However, Central Bank of Lesotho (CBL) Principal Economist, Retšelisitsoe Mabote differed.
“I think LEFF is wrongfully attacking the Minister. Development plans are a national agenda that is formulated jointly with all stakeholders. All the minister does is allocate funds as requested by implementing agencies, or line ministries in this case. It must also be understood that this was a mid-term review, not the budget speech.
“The difference is that this time, the Minister presented budget performance against the targets set during her speech. It was to factor in developments that occurred during implementation, which might have necessitated adjustments or modifications to the original allocations. This means reprioritisation and, therefore, reallocation of resources. This was observed with the M40 million that was allocated for the printing of passports,” he said.
Mabote added that, in addition to the apparent adjustments, this is the time for planning for the following year, and priorities are extracted from the extended National Strategic Development Plan (NSDP II).
He further noted that it would have made sense if LEFF said the speech lacked clarity in the sense that there were no clear milestones for most proposals. He said this makes implementation a challenge and renders those priorities ‘workshop themes’. He said there are no complementarities in the programmes.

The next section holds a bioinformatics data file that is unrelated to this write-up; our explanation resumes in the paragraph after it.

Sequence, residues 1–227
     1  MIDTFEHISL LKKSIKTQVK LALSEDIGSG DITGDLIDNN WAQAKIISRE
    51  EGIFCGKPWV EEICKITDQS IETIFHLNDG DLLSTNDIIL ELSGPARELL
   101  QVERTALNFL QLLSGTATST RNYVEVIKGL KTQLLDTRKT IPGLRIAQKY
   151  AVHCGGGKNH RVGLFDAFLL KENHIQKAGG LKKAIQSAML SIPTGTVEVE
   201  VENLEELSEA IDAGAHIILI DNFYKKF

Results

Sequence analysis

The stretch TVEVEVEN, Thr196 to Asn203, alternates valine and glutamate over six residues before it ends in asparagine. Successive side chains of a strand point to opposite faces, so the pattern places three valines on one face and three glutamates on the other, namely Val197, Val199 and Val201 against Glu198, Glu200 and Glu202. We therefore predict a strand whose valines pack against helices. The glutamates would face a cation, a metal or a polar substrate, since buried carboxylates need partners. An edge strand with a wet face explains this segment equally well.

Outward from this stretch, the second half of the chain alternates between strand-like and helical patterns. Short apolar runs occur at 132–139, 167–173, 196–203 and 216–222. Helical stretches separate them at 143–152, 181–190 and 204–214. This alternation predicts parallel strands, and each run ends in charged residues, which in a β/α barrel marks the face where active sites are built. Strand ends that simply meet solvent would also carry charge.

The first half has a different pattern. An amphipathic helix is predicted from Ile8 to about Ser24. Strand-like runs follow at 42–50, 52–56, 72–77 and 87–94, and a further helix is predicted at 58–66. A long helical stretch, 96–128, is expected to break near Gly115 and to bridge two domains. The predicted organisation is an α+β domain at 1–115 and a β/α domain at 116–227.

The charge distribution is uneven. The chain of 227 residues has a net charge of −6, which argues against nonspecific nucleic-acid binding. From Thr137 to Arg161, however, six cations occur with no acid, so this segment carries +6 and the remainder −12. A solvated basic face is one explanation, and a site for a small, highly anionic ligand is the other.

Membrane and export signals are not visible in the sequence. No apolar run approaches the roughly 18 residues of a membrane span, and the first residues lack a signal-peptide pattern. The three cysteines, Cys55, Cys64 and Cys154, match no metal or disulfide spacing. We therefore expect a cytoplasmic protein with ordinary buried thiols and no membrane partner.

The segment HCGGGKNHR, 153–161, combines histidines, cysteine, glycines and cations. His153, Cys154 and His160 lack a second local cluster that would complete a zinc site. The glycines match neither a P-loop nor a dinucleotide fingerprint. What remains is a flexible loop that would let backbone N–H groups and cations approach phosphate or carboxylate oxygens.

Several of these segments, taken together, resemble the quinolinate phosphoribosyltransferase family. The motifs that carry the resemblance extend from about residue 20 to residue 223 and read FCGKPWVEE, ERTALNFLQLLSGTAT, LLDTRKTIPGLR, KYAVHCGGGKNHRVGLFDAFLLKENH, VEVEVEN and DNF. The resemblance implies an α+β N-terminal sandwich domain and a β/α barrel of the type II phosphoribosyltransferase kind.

Matlanyane delivered the midterm budget speech to the Parliament for the 2023–2024 fiscal year on November 8 and stated that in preparing the budget, they had to strive to balance allocations for more effective service delivery and increased public investment spending that boosts the private sector to generate meaningful growth and employment opportunities for youth.
She said there is a need to rebuild the buffers to strengthen resilience, as there may be difficult times ahead, and restore macro-fiscal stability to stimulate economic growth.
She added that the overriding objective of the 2023–24 budget is to accelerate inclusive employment, generate economic growth and reduce poverty. She said they are fully aware of the resource constraints and the many needs; therefore, it is an absolute necessity to focus on key priorities and sequence the programmes carefully to derive maximum value and impactful outcomes.